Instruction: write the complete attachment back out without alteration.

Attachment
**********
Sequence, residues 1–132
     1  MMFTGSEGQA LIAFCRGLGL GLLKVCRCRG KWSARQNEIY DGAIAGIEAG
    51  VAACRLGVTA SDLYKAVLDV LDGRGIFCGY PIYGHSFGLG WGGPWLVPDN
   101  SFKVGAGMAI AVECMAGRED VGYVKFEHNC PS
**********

Sequence, residues 1–132
     1  MMFTGSEGQA LIAFCRGLGL GLLKVCRCRG KWSARQNEIY DGAIAGIEAG
    51  VAACRLGVTA SDLYKAVLDV LDGRGIFCGY PIYGHSFGLG WGGPWLVPDN
   101  SFKVGAGMAI AVECMAGRED VGYVKFEHNC PS